Forgetting is the inability to recall or recognise information that was once stored in the memory and is now not available or cannot be accessed. There are four main theories to forgetting; trace decay, cue dependant, displacement and interference. Displacement seeks to explain forgetting in the short term memory. According to Shiffrin and Atkinson’s model of memory, the short term memory has certain characteristics such as limited capacity so if information is not rehearsed, it would be forgotten. When the short term memory is “full”, new information displaces or “pushes out” old information and takes its place. (Miller) Waugh and Norman used the serial probe technique to investigate displacement. They asked participants to listen to a set of numbers after which participants were given a probe (one of the numbers from the list) and asked what number came next. If the probe was near the end of the list, then recall was good. If the probe was early in the list, then recall was poor. This demonstrates that early numbers were displaced by the later ones. One advantage of displacement is that Waugh and Norman’s serial probe technique found that recall of the following number in a sequence is better when at the end of the 16 digit series. Early numbers are displaced by later ones but there are fewer digits at the end of the series to displace earlier numbers. This is an advantage as it clearly supports displacement theory.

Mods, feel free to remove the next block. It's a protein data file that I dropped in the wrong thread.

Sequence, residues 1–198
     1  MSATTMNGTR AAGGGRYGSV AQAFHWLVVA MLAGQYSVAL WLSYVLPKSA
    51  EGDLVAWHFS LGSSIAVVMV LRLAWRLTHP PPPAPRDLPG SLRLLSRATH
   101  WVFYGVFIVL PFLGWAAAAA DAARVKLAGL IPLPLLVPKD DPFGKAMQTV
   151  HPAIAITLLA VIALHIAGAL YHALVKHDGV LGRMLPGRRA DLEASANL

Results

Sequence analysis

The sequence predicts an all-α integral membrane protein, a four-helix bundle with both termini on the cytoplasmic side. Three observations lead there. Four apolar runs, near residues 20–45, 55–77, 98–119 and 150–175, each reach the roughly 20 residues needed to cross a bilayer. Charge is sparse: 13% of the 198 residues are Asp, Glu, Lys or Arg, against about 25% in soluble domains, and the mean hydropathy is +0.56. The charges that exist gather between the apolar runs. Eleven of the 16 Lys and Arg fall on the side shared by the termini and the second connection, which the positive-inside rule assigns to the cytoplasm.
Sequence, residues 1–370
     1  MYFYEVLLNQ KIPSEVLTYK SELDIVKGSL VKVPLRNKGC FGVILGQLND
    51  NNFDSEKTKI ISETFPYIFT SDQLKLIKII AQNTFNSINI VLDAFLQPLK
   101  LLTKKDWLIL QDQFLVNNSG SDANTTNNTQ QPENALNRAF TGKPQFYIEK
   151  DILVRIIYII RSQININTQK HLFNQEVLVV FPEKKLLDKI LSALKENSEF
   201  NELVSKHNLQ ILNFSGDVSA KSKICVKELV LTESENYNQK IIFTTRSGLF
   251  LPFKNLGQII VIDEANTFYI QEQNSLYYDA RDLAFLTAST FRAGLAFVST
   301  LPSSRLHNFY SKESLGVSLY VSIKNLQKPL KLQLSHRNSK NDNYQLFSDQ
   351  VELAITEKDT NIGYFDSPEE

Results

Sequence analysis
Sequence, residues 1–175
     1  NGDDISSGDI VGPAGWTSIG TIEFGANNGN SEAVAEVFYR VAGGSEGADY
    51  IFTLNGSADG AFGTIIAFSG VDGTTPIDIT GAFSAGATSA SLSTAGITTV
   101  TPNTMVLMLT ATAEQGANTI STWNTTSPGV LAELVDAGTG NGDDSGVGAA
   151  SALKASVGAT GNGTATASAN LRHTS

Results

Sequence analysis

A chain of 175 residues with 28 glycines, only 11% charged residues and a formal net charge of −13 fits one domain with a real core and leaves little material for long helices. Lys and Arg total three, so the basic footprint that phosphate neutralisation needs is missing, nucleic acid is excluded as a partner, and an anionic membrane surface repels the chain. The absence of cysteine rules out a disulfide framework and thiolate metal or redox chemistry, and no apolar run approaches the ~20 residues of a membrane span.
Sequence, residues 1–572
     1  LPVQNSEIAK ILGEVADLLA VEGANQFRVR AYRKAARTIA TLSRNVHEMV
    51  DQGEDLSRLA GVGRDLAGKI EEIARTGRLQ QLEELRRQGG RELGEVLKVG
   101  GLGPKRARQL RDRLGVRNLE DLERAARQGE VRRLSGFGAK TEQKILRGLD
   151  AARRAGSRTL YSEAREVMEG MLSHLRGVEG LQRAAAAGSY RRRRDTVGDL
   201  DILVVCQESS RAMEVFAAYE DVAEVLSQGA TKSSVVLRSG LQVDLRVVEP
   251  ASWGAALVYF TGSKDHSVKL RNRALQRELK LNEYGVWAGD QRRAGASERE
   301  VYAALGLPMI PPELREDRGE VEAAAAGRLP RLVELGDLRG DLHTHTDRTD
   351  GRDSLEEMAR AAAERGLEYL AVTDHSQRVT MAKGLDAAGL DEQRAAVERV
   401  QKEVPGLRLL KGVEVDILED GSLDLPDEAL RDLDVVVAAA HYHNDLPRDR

One disadvantage of displacement is that even though it provides evidence that forgetting is due to displacement, there could be other reasons to forgetting such as trace decay where memory is lost as a result of the automatic decay or fading of memory trace. This was supported by Waugh and Norman who conducted another experiment in which they presented information at different speeds. Those presented faster was recalled better. This shows that they had less time to decay. This is a disadvantage as it shows that they could be other possible explanations for forgetting other than just displacement. Interference theory suggests that forgetting occurs because memories are interfering with and disrupt one another. In other words, forgetting occurs because of interference from other memories. There are two ways in which interference can cause forgetting; proactive interference and retroactive interference. Proactive interference occurs when you cannot learn a new task because of an old task that has been learnt. Whereas retroactive interference occurs when you forget a previously learnt task due to the learning of a new task. Both interferences are likely to occur where memories are similar. For example, confusing new and old telephone numbers. This was supported by Chandler who found that students who study similar subjects at school at the same time often experience interference. An example of interference memory would be the lab experiment carried out by postman. He aimed to investigate whether information you have recently received interferes with the ability to recall something you have learned earlier. He carried out a lap experiment where he split participants in two groups. Both groups had to remember a list of paired words. E.g. tree, jelly – moss, book – tractor. The experimental group also had to learn another list of words where the second paired word if different. E.g. cat- jelly – time book- revolver. The control group were not given the second list. All participants had to recall the words on the first list. Postman found the recall of the control group was more accurate than that of the experimental group. One advantage of interference theory is that lab experiments are used for the studies used to support the theory. One advantage of lab experiments is that eliminate the chances of extraneous variables occurring as they are carried out in highly controlled environments. This also means that they can be repeated therefore adding to the reliability of the results. Results gathered are also...
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